(CNN) -- A record wildfire raged on in southwestern New Mexico on Sunday, belching out a wall of smoke as it devoured thousands of acres and advanced across the rugged wilderness.
Authorities cautioned children, adults with heart disease and other sensitive groups to stay indoors as the growth potential for the blaze remains high.
The blaze -- the biggest in the state's history -- has scorched an area more than one and a half times bigger than Chicago.
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A total of 1,236 personnel are fighting the wildfire, which was 17% contained late Saturday, forest service officials said.
Two separate lightning strikes started two wildfires that merged, creating the giant fire.
Lightning ignited the Whitewater Baldy Complex wildfire last month, sparking a blaze that has devoured more than 227,000 acres in the southwest portion of the state.
The Baldy Fire started May 9 in an inaccessible area of the rugged wilderness and the Whitewater Fire was reported on May 16 several miles away, according to Forest Service officials.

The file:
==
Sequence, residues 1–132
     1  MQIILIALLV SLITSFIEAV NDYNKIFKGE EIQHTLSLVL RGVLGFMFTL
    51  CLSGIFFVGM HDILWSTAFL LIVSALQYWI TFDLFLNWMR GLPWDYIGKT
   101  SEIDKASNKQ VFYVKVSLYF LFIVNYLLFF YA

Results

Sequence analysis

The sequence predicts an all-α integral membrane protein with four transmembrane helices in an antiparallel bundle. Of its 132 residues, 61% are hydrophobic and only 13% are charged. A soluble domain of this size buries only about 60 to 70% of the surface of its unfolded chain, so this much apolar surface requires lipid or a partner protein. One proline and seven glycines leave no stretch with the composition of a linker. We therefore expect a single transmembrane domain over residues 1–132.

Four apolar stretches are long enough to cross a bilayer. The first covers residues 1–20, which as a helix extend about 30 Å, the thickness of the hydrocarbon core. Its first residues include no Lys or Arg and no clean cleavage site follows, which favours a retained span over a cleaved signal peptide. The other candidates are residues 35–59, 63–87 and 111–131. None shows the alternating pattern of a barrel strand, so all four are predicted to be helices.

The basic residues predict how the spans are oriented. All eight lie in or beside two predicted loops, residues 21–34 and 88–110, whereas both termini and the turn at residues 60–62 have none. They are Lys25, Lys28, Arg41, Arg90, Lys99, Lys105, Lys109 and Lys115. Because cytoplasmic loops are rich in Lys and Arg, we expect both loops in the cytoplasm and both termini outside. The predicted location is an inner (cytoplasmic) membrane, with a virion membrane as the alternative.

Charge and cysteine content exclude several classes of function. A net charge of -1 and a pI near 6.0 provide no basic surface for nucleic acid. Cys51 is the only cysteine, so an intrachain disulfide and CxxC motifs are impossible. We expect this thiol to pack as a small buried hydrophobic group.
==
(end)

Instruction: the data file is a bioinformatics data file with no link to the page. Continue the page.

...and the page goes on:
The two fires in the Gila National Forest merged May 23, enhanced by drought and sustained winds of 40 mph to 50 mph, authorities said.
Extreme drought could mean the smoke in the region will persist until the monsoon season, which typically begins in July, said Catherine Torres, secretary of the New Mexico department of health.
Authorities will allow residents back into the community of Mogollon on Monday, but an evacuation order for the summer cabins of Willow Creek remained in effect Saturday, according to the New Mexico Department of Homeland Security and Emergency Management.
The blaze is 15 miles east of Glenwood, New Mexico.
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